Song I., pp.249-250.

[Tea-Table Miscellany Contents]

A Nymph of the plain, 

By a jolly young swain, 

By a jolly young swain, 

Was address’d to be kind: 

Bur relentless I find 

To his prayers she appear’d, 

Tho’ himself he endear’d, 

In a manner so soft, so engaging and sweet, 

As soon might perswade her his passion to meet. 

– 

How much he ador’d her, 

How oft he implor’d her, 

How oft he implor’d her, 

I cannot express; 

But he lov’d to excess, 

And swore he would die, 

If she would not comply, 

In a manner so soft, so engaging and sweet, 

As soon might perswade her his passion to meet.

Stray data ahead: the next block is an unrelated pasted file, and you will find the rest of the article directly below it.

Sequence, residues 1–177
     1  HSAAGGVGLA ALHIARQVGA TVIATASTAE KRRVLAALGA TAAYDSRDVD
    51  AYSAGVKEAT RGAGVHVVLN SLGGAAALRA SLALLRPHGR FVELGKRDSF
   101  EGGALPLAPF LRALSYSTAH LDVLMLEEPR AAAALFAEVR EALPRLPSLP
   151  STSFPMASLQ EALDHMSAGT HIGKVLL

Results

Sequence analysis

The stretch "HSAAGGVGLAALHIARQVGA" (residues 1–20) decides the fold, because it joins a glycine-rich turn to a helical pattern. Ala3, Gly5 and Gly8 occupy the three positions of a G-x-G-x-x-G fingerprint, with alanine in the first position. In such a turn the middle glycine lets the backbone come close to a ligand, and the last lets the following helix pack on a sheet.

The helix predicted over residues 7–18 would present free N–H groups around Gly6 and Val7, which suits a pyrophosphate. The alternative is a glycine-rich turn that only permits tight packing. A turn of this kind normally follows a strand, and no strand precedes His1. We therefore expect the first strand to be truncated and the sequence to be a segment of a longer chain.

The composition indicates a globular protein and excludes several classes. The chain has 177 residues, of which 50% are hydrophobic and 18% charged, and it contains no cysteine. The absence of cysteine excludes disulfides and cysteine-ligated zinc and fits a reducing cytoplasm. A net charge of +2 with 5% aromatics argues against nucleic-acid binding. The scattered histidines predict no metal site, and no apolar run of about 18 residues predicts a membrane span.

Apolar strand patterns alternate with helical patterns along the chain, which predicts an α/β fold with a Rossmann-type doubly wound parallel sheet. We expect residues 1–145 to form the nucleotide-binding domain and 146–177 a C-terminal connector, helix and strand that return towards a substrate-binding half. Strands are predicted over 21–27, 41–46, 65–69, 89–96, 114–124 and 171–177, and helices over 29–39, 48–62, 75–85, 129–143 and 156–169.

– 

While blushes like roses, 

Which nature composes, 

Which nature composes, 

Vermilion’d her face, 

With an ardure and grace, 

Which her lover improv’d, 

When he found he had mov’d, 

In a manner so soft, so engaging and sweet, 

As soon might perswade her his passion to meet. 

– 

When wak’d from the joy, 

Which their souls did imploy, 

Which their souls did imploy, 

From her ruby warm lips, 

Thousand odours he sips, 

At the sight of her eyes 

He faints and he dies, 

In a manner so soft so engaging and sweet, 

As soon might perswade her his passion to meet. 

– 

But how they shall part, 

Now becomes all the smart, 

Now becomes all the smart, 

‘Till he vow’d to his fair, 

That to ease his own care, 

He would meet her again, 

And ‘till then be in pain, 

In a manner so soft so engaging and sweet, 

As soon might perswade her his passion to meet. 

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